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Jeffco Commission knocks down Foothills’ rezoning request

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By Joe Moylan

The Jeffco Board of County Commissioners on Tuesday voted against a rezoning request made by the Foothills Park & Recreation District on more than 3 acres it was hoping to sell for development.
The land in question encompasses two plats totaling 3.85 acres near the intersection of South Wadsworth Boulevard and West Columbine Drive on the east side of the Stony Creek subdivision in south Jeffco. The two plats were among several parcels of vacant, unused land previously identified by the park district that could benefit from a higher and better use, said Foothills Executive Director Ron Hopp during a meeting with the commissioners in December.
But the Jeffco Planning Commission held a public hearing in February about the proposal and recommended by a 6-1 vote that the county not approve the rezoning request. On Tuesday, case manager Mike Madrid told the commissioners that 22 local residents attended the Planning Commission’s February meeting and all spoke out against any development of the two parcels. The county also received about 40 emails against the rezoning request.
In addition to public opposition, Madrid said the Planning Commission also recommended the county deny the request because the parcels don’t meet certain sections of the county’s criteria to be rezoned from their current open space designation.  Of note, Madrid said the Foothills proposal did not identify any land “of superior open space quality” in the vicinity of Stony Creek that would be used to replace the 3.85 acres that would have been lost to development. And although nothing about the land is significant in terms of wildlife habitat, vegetation or for being a scenic corridor, the Planning Commission also recommended denial of the request because it is used by local residents for “passive” outdoor recreation, such as for walking their dogs.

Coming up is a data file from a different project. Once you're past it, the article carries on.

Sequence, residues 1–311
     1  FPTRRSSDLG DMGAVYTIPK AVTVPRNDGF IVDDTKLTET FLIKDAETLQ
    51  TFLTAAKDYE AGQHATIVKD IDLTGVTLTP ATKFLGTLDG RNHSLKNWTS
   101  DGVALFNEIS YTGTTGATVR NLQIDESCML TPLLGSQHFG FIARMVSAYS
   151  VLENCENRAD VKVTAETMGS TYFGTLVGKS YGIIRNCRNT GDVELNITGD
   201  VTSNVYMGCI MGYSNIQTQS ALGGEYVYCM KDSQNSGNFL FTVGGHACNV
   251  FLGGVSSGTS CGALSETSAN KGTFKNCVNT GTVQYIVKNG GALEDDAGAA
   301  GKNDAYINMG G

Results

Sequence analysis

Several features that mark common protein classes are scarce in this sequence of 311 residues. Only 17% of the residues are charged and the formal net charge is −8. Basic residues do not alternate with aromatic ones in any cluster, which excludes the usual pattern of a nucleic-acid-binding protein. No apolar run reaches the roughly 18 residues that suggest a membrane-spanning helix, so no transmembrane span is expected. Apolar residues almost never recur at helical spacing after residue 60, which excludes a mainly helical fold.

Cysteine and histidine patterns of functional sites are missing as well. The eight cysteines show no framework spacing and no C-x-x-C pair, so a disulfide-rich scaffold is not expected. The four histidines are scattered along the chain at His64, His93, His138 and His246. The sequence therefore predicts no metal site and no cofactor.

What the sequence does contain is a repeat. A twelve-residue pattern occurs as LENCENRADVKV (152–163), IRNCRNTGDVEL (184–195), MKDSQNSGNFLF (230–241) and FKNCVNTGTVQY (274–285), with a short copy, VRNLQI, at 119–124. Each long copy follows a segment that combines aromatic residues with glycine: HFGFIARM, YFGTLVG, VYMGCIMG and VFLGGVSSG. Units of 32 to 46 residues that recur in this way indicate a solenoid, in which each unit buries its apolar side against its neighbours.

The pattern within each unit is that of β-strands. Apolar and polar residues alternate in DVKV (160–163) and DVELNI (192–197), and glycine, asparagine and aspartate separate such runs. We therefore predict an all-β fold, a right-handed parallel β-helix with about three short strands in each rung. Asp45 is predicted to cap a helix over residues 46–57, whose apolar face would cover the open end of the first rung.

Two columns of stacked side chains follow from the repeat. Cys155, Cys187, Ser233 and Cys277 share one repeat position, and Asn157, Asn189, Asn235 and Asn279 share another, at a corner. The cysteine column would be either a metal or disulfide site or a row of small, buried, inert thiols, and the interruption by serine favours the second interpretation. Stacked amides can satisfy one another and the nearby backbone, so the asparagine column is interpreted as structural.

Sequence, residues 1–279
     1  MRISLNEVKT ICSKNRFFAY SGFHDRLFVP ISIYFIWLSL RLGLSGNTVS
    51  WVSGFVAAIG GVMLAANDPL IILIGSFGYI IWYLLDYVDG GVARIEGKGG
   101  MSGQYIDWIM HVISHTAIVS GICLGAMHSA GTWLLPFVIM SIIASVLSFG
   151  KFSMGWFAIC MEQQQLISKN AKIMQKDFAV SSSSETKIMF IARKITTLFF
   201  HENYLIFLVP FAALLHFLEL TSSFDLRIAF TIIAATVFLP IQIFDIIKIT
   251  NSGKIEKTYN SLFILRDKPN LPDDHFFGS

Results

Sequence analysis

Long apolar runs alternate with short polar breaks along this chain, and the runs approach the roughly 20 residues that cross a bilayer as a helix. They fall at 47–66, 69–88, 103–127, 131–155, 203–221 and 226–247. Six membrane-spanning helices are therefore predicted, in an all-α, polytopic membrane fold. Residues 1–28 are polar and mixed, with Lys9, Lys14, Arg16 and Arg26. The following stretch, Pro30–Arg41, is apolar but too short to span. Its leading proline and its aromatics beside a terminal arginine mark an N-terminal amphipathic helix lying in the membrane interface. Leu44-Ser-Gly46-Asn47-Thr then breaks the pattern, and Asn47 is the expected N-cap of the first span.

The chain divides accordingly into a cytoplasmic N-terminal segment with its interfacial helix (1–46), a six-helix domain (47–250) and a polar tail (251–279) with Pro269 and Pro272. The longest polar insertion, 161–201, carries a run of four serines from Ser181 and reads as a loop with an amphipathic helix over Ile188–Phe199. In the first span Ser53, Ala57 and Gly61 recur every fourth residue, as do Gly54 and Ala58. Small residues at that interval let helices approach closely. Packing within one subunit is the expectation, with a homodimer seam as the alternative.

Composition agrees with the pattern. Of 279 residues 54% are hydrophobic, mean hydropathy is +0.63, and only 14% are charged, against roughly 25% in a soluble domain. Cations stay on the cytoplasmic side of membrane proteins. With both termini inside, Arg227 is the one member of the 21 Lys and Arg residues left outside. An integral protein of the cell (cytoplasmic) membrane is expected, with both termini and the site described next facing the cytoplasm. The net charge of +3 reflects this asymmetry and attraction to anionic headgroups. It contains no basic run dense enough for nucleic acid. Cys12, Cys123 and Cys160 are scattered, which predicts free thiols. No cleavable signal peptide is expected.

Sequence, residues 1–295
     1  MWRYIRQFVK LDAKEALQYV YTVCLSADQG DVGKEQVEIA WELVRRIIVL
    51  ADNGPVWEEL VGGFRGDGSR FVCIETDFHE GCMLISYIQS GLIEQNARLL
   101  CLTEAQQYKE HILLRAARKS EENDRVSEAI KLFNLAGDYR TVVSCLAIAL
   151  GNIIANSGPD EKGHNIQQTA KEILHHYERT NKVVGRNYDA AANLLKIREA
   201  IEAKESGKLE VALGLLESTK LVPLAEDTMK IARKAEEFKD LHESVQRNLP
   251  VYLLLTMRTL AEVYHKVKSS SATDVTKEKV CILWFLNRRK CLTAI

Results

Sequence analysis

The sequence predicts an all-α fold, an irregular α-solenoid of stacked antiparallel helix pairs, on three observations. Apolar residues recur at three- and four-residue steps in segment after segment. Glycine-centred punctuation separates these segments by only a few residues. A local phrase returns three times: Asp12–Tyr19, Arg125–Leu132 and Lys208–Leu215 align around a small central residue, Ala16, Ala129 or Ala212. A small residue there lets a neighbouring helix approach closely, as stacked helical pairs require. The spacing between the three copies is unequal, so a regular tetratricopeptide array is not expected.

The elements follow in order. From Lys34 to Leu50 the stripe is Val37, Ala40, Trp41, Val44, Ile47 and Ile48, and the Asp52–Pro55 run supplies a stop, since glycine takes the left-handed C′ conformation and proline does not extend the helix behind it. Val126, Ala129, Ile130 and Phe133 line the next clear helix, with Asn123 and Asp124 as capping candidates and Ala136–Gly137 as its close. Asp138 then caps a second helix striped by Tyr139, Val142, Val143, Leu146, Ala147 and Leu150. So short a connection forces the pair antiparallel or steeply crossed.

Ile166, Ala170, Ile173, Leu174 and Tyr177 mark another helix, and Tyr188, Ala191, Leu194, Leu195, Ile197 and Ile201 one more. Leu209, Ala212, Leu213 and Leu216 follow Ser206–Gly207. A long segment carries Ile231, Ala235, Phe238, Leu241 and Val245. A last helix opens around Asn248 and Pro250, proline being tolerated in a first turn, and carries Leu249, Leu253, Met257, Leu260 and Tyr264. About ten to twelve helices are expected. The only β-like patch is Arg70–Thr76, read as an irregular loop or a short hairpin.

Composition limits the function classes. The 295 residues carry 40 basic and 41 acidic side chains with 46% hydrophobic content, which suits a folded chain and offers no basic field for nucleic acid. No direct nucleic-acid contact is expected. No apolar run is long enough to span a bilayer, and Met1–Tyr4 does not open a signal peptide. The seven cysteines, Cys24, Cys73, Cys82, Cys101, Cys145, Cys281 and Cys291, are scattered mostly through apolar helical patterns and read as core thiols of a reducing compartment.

But Hopp argued there is little about the site that lends itself to a vibrant open space. He noted that when the parcels were given to the county during the mid-1970s — and then later dedicated to the Foothills Park District — it was done so with the intention that someday one of the two agencies would dedicate funds to develop a park. Considering neither agency had committed funds for improvements in more than 40 years coupled with the fact that the land shares a border with Wadsworth Boulevard proved that its recreational potential had long since passed, Hopp said.
Furthermore, Hopp pointed out that there were several parks within a one-mile radius of Stony Creek and many more within 2 1/2 miles that residents could take advantage of for their outdoor recreation needs. In addition, Hopp said there have been 18 parcels of arguably greater recreational significance that have been developed within a one-mile radius of Stony Creek. Those parcels equal more than 350 acres, Hopp said.
But the Jeffco Board of County Commissioners ultimately heeded the recommendation of the Planning Commission, voting 2-1 to deny Foothills’ rezoning request. Commissioner Don Rosier voted in favor of Foothills.
“We certainly respect the decision the board of county commissioners has made,” Hopp said. “They feel the criteria hasn’t been met, but we would maintain that the property has been utilized as it was intended as a park for over 40 years.”
The two parcels near Stony Creek represent the last plots Foothills identified as no longer being viable for open space or outdoor recreation. Last year, Foothills sold land on the northeast corner of West Coal Mine Avenue and South Wadsworth Boulevard. Prior to that sale, the district sold in 2014 land on the northwest corner of West Coal Mine and South Wadsworth and in 2013 land at South Simms and South Ward streets, near the Ridge Recreation Center and the Edge Ice Arena.
After the meeting, Hopp said the Foothills board doesn’t plan to appeal the commissioners’ decision nor does it plan to explore other options to sell the land at this time. However, Hopp said the district needs more financial help from its tax base, which is why it began selling unused parcels in the first place. Should voters approve a property-tax increase, which likely will be floated on the November ballot, then the district would remove the Stony Creek parcels from consideration of any sales in the future, Hopp said.

Reporter Joe Moylan can be reached at jmoylan@evergreenco.com